But football is already played worldwide. If Manchester United are drawn to play in New York, is a fan in Melbourne going to bother turning up to watching, say, Bolton vs. Reading? He or she might just as well decide to watch the Australian A-League instead, leading to the spectre of the more unattractive fixtures being played in half-empty stadia – hardly a good advertisement for the Premier League.

Arguably if the Premier League really wanted to help the smaller clubs and create a less lop-sided league then it could follow the example of the NFL in other areas, notably through greater revenue sharing and blacking out television coverage, instead of a situation where the rich get richer and most clubs’ only aim is to avoid relegation (which in turn has made the F.A. Cup the exclusive property of the “Big Four” for over a decade). But without a US-style Commissioner in charge of the sport, the chances of that happening are basically zero.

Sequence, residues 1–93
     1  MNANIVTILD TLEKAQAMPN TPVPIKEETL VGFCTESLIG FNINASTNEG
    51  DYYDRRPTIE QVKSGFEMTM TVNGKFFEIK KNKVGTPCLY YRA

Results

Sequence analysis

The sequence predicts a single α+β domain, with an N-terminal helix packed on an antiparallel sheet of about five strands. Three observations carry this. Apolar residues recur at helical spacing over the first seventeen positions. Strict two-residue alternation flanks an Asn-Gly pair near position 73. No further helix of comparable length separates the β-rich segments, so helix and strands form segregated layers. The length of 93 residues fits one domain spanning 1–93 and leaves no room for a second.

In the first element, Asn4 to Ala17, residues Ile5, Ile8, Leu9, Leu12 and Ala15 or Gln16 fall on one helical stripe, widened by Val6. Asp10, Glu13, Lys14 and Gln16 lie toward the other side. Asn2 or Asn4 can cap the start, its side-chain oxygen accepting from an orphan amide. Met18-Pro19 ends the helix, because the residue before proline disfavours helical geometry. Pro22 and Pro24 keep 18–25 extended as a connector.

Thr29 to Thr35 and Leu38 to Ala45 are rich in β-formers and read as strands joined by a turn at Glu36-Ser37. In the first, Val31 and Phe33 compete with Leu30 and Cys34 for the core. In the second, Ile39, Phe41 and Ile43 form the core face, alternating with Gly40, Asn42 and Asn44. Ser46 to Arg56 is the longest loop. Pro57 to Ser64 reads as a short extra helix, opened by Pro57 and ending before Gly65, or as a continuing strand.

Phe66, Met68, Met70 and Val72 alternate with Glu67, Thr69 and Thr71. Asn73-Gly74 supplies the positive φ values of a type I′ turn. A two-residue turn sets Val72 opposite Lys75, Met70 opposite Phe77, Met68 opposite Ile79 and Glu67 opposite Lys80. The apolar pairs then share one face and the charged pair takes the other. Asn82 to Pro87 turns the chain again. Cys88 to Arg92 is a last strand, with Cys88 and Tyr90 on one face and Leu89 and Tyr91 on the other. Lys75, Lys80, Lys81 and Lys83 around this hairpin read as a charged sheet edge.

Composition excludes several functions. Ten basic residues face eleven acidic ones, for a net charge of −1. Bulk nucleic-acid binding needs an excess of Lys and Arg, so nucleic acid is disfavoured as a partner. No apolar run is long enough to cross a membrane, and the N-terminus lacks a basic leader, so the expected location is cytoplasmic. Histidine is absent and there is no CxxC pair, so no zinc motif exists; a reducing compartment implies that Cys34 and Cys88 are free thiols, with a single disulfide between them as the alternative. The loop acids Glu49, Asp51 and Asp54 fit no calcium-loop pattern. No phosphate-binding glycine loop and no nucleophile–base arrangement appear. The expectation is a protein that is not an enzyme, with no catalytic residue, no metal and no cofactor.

At the time of writing the BBC is, despite its initial positive spin on the Premier League’s proposals, describing the plans as being in “tatters” after heavy criticism from supporters’ groups, UEFA, FIFA and the Asian Football Confederation.

Perhaps they weren’t so “logical” after all.